Gov. Pete Ricketts on Wednesday shut the door on speculation that a special session of the Legislature might be called to enact a ban on vaccine mandates in Nebraska and said he will recommend priorities for next year's federal COVID recovery funding without introducing a proposal of his own.
Those two topics were raised in questions at a news conference where Ricketts celebrated the success of a state re-employment program that has helped families receiving supplemental nutrition assistance benefits increase job skills leading to re-employment and reduced reliance on government assistance.
"We want to help people get that next job," Ricketts said.
Vaccination should be voluntary, the governor said in answering a question about reports that he would call a special legislative session to consider a ban on vaccine mandates if 33 senators favored such action.
"I don't believe we have the votes to pass such a bill," Ricketts said.
Thirty-three votes would be required to end a filibuster by opponents and to enact legislation that would take effect immediately.
At the beginning of his news conference, the governor repeated his oft-stated view that "it's always a great idea to get vaccinated," but his position is that decision is an individual's choice.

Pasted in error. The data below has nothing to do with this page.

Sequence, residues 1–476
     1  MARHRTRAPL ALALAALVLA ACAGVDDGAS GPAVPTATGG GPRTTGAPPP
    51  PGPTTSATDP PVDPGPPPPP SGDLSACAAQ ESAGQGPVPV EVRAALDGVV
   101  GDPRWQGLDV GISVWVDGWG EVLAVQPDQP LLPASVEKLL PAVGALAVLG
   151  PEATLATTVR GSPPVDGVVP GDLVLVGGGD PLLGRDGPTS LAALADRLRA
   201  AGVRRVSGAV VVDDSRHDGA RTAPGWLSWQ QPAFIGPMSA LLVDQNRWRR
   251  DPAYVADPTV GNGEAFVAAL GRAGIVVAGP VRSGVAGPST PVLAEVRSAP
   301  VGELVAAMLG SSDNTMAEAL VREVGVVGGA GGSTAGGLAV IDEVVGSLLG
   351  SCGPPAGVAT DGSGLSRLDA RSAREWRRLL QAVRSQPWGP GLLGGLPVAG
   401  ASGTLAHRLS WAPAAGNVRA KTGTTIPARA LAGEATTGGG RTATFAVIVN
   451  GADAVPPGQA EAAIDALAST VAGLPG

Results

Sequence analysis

As for federal pandemic recovery funding assistance, Ricketts said he will make his recommendations to the Legislature's Appropriations Committee.
Ricketts did not identify any pandemic funding priorities of his own.
The Appropriations Committee fielded a variety of proposals at a hearing last week.
Stephanie Beasley, children and family services director at the Nebraska Department of Health and Human Services, cited a number of success stories that have resulted in low-income Nebraskans acquiring job skills, finding employment and raising their income under the SNAP Next Step program.
"There are a lot of great success stories," she said, as people move into "a job that provides a livable wage."
April Claussen told her story of going to community college to gain work skills and graduating two days before her son graduated from high school; she now works at the Nebraska Department of Labor.
The voluntary state program also provides job search coaching and interviewing skills.
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